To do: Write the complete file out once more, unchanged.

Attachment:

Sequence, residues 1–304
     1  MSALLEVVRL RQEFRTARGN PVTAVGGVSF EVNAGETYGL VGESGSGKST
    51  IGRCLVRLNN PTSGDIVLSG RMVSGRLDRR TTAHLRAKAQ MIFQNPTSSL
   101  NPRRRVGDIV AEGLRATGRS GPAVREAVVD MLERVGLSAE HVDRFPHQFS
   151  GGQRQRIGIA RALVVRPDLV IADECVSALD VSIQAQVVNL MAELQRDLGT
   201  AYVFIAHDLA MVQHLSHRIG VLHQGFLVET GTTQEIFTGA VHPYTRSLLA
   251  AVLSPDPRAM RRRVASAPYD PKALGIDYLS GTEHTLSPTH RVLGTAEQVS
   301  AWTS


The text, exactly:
Sequence, residues 1–304
     1  MSALLEVVRL RQEFRTARGN PVTAVGGVSF EVNAGETYGL VGESGSGKST
    51  IGRCLVRLNN PTSGDIVLSG RMVSGRLDRR TTAHLRAKAQ MIFQNPTSSL
   101  NPRRRVGDIV AEGLRATGRS GPAVREAVVD MLERVGLSAE HVDRFPHQFS
   151  GGQRQRIGIA RALVVRPDLV IADECVSALD VSIQAQVVNL MAELQRDLGT
   201  AYVFIAHDLA MVQHLSHRIG VLHQGFLVET GTTQEIFTGA VHPYTRSLLA
   251  AVLSPDPRAM RRRVASAPYD PKALGIDYLS GTEHTLSPTH RVLGTAEQVS
   301  AWTS